How has this hotel rated in the past?
- Continental Breakfast
- Minbar in room
- Airport Transportation
- Non-smoking hotel
- Banquet room
- Wireless internet connection in room (free)
TripAdvisor Reviews Amulet Hotel Bukhara
Travel Blogs from Bukhara
... sheep seemed to have decayed the slowest.
On balance I would say that I actually favoured Bukhara as a destination to Samarkand as there was more of a "complete package" feel - as breathtaking as the Registan is, the wider area is less evocative of times gone past. It is in Bukhara that I was able to imagine life on the Silk Road in times past - and that, after all, is what the trip is all about.
- There is a ...
More sightseeing today of beautiful Bukhara, which continues to impress me to no end.
We started off by boarding the van for a short drive to outside the Old Town. We passed some of the streets of the newer part of Bukhara, which seems like a smaller but somehow much more alive city than Tashkent. We passed the university, where Rustam studied, and some shopping streets bustling with people. One fun fact ...
... descendants of one of the Lost Tribes, if you're inclined to believe in them).
Bukharan Jews, while mostly integrated into Sephardi traditions these days, had their own language -- similar to Yiddish or Ladino except that it was derived from the Tadjik-Persian language -- and their own unique music, clothing, foods, crafts and traditions. As many as 100,000 Jews lived in Uzbekistan at the height of the Soviet Union; most have since emigrated to ...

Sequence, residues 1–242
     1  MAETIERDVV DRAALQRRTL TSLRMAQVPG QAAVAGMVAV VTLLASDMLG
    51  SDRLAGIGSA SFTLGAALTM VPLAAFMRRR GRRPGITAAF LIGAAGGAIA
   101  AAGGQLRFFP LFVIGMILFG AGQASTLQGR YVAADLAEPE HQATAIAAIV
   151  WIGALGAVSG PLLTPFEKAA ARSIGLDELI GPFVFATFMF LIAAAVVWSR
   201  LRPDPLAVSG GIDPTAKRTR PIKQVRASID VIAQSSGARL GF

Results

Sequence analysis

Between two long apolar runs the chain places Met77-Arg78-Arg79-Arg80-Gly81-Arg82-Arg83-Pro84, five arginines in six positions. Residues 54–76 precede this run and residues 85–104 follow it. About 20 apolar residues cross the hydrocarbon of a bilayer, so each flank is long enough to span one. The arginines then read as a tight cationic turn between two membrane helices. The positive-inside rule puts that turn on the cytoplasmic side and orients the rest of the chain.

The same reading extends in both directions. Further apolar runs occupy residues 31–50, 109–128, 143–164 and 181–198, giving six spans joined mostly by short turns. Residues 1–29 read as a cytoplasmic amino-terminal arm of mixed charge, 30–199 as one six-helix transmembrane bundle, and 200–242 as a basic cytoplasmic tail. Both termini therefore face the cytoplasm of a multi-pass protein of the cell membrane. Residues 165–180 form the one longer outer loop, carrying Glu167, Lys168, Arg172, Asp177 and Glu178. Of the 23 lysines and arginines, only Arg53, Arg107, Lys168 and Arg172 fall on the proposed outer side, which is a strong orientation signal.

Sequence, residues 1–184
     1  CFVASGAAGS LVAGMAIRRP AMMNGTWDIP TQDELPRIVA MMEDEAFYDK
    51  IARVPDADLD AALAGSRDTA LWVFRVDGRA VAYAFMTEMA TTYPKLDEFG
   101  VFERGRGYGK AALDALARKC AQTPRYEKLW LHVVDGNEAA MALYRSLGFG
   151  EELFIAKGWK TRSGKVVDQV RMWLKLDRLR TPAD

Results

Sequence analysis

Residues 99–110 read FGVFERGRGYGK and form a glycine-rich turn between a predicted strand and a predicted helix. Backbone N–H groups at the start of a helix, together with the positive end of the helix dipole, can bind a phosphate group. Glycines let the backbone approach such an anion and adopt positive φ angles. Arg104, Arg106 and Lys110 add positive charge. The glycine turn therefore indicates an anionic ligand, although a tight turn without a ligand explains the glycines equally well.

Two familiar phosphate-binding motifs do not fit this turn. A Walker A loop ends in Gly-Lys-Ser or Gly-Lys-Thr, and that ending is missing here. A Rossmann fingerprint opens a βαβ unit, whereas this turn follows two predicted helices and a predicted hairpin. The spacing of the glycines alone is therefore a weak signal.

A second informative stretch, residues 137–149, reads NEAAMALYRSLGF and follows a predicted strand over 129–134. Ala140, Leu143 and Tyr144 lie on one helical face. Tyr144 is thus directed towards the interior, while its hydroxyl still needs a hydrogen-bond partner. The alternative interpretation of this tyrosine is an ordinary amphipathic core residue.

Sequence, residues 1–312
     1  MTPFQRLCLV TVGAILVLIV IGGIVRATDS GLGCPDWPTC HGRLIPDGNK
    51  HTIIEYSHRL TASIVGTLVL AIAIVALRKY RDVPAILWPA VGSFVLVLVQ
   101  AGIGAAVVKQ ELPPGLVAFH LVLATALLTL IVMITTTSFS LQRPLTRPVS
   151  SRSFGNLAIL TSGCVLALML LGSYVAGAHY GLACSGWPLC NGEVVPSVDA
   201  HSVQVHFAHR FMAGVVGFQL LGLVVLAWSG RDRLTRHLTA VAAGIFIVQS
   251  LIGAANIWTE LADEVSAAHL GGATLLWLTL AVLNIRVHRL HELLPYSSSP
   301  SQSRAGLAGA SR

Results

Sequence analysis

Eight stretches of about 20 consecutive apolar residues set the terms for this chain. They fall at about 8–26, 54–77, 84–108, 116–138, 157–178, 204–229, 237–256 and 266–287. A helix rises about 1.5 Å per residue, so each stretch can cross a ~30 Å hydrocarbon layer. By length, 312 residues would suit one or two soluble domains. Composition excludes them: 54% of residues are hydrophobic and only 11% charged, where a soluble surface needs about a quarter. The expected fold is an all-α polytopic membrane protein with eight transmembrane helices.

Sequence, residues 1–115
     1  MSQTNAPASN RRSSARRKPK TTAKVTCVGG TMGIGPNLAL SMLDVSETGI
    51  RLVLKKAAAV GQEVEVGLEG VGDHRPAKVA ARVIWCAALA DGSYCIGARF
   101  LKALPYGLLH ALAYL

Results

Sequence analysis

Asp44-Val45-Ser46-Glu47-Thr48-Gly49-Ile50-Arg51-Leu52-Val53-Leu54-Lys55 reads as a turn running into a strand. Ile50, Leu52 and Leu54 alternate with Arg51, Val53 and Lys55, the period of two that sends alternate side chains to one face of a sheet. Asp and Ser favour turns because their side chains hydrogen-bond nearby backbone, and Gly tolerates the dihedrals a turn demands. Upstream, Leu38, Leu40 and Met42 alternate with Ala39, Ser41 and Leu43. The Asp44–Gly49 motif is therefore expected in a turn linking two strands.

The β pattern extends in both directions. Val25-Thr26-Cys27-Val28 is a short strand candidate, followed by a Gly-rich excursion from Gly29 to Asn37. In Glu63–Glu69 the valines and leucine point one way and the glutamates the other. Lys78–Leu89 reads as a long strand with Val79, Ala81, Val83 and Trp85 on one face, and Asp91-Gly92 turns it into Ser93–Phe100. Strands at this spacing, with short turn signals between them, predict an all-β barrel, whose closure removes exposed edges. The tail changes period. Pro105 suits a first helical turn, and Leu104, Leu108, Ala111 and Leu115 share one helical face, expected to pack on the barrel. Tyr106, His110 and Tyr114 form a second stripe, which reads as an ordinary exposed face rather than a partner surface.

... of it's high amount of trade many were sold there and so the name. There is a semi-distinctive pattern used by Uzbekistan weavers but is not Bukhara's.
Off the beaten track is a large Necropolis dedicated to a Sufi branch leader of religious thought who developed the dervish off shoot. It has a two great mausoleums and many smaller ones. It too is undergoing restoration.
And so next along the Silk Road to Samarkand.
... Khan, my guide book states that this would probably have been the tallest building in central Asia, and it is probably still one of the most striking. Standing 47 metres tall, it has 10 metre-deep foundations, and its height is made up of 14 decorative bands, all with totally different designs in plain brick, except for one narrow band of blue tiles, in their first usage before they spread so widely under Tamerlane ...